Thirtyrock39 Wed 21-Mar-18 16:04:48

Nursing is particularly hard though in terms of shifts and hours - I'd say much more intense than a typical degree or pgce you get zilch holidays, full time shifts with coursework on top .


ItMustBeBedtimeSurely Wed 21-Mar-18 16:06:35

I actually do get holidays. Xmas and Easter off and summer is our consolidation period where we catch up on missed hours etc. So if you're up to date and you pass everything first time, you get the summer off.

RhubarbYoghurt Wed 21-Mar-18 16:19:27

I'm a 2nd Year student nurse. I'm loving my course. My lecturers are kind. They understand when I'm struggling and keep geeing me along.

I have 2 kids and my husband works for the nhs. Childcare is costly. We only have each other. No other family.

I'm constantly exhausted but I think it's worth it.

We are going on holiday and I'm taking textbooks with me. This is the downside to Nursing studies. In order to do this degree you need to do large amounts of reading and I find myself reading in the wee hours.

In a year I will be qualified. This fills me with excitement and anxiety grin

Mc91 Wed 21-Mar-18 17:04:07

Thanks Everyone for your replies!

The idea of having to get the loan doesn't stress me too much really, its mainly not being able to manage my family life and uni requirements!

We dont get help from family, so we rely a lot on nursery, my husband has a flexible job so that might make things easier?

what is the household income threshold for mantainance loan and nursery help?

I really want to do this!!! wasnt expecting such a mixture of opinions!!


OP’s posts: |
ItMustBeBedtimeSurely Wed 21-Mar-18 18:24:33

If your husband works flexibly or if he works office hours you'll be fine. It's couples who both work shifts who struggle, because when you're both doing 12 hour days you can't get childcare!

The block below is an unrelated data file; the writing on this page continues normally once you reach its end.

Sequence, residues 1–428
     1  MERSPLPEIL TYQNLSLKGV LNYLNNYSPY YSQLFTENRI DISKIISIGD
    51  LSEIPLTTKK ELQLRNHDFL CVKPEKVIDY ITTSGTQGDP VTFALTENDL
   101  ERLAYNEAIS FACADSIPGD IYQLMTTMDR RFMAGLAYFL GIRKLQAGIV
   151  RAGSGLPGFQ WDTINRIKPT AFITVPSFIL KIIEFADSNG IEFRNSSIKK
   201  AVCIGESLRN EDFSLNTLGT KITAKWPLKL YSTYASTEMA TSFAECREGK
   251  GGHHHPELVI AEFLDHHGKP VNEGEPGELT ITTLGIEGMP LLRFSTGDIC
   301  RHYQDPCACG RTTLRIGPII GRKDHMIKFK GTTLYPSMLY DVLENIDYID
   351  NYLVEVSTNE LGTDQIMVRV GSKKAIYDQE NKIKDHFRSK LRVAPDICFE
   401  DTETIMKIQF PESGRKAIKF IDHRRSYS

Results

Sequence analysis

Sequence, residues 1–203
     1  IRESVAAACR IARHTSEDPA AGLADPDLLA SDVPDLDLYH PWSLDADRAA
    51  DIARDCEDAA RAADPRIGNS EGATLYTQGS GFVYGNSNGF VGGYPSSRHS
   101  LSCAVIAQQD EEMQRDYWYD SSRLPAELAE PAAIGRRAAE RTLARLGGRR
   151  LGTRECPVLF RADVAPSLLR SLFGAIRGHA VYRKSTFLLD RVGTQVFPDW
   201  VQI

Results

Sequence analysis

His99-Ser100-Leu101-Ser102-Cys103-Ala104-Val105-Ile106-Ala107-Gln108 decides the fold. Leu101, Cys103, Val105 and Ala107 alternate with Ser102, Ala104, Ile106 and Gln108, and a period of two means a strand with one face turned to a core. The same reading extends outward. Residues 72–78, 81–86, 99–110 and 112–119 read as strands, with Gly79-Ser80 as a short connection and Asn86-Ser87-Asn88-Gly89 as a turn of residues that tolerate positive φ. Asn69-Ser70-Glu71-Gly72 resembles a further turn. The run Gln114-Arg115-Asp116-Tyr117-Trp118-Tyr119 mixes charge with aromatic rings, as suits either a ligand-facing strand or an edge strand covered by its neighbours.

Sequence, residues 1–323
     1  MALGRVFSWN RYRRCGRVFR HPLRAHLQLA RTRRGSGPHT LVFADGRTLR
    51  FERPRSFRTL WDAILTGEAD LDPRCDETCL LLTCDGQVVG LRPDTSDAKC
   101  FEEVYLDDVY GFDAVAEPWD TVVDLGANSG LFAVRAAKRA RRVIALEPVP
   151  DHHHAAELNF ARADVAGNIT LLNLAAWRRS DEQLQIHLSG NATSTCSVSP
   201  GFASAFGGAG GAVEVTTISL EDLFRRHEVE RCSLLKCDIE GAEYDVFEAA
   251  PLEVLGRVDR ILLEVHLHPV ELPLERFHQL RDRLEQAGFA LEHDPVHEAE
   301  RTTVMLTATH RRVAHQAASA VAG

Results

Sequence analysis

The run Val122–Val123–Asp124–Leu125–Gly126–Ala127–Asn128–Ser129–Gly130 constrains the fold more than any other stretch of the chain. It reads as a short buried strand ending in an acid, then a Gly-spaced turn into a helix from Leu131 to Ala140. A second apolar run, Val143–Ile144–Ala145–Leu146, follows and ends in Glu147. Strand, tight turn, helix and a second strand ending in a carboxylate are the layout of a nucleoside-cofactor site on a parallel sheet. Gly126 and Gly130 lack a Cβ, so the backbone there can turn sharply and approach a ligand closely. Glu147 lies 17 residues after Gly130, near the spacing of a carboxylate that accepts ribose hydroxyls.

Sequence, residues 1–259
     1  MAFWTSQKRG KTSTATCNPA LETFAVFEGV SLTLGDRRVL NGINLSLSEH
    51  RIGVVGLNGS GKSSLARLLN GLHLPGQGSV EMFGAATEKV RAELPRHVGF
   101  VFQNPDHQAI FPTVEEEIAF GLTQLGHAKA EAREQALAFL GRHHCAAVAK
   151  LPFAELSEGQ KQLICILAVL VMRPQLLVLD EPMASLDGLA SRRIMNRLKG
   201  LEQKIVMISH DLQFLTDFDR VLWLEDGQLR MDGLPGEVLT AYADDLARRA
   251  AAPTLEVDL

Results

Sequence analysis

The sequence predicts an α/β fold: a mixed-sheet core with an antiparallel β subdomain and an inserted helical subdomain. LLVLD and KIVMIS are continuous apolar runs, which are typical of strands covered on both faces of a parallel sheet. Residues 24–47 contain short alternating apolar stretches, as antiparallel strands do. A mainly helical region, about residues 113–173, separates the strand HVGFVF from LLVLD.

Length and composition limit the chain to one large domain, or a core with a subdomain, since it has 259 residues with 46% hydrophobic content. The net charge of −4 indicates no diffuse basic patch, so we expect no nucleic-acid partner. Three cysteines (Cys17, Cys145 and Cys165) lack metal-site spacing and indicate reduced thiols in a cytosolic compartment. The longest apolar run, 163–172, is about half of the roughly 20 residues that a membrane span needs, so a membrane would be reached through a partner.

MrsJoshDun Wed 21-Mar-18 18:40:40

Unless things have changed you won’t get any financial nursery help no matter what your dh earns because you will be classed as not working so will be expected to be looking after the kids yourself. They do not take the fact you’ll be working unpaid for the nhs and can’t look after the kids. As far as tax credits are concerned you’re either working and paying tax or you’re not working and are at home.

ItMustBeBedtimeSurely Wed 21-Mar-18 19:08:53

You will get a loan to covet your living expenses. Students on my course definitely get help with childcare costs and the reason I didn't is because of dh's income, so it's a reasonable question for the op to ask.

Bearberry Wed 21-Mar-18 19:26:59

I’ll be honest, it’s intense. The main issue is juggling placement hours and uni assignments and childcare, so you’ll need some support or some very good childcare (early starts, evenings, nights, weekends etc). I managed it with a young child (had her during the degree) but my parents live locally and were able to help with childcare and as my DH job isn’t flexible I would have been screwed otherwise. I got a bursary to train (in Wales) and a maintenance loan but money was really tight still, my bursary worked out at £400 a month and my loan at around £3k a year. If you can work bank shifts as a HCA you can top yourself up, but of course that’s more child care and time away from your family. You won’t receive any other financial support through uni if your partner earns over £14k I believe it is (it could even be £16k either way it’s a really low threshold sadly) although you might be able to get some help via tax credits.

It is doable, but the hours are long and you’ll be juggling assignments too. You’ll certainly have to make sacrifices over the 3 years, so it’s worth weighing up how much you want to qualify and what you’re willing to give for it! I know that probably all sounds negative but it’s a hard track to tread with young kids and it’s worth having the information to make an informed decision.

Dancingmonkey87 Wed 21-Mar-18 19:33:31

I did the course when had a bursary and the fees were funded with no dc and it was incredibly hard couldn’t think of doing it with two dc and no bursary.

teenmumandsowhat Tue 27-Mar-18 15:13:29

I have 2 young children, my youngest starts reception in September and I’ve applied to do my nursing degree either this September or February 2019, depending on the University. I had one interview yesterday and I’ve got my one for the other uni in the Easter holidays.

My advice do an access course first at your local college, im currently on an access to nursing course. And it’s only 2 days a week and a 1yr course, but it does help prepare you for uni by leaning how to write academically etc.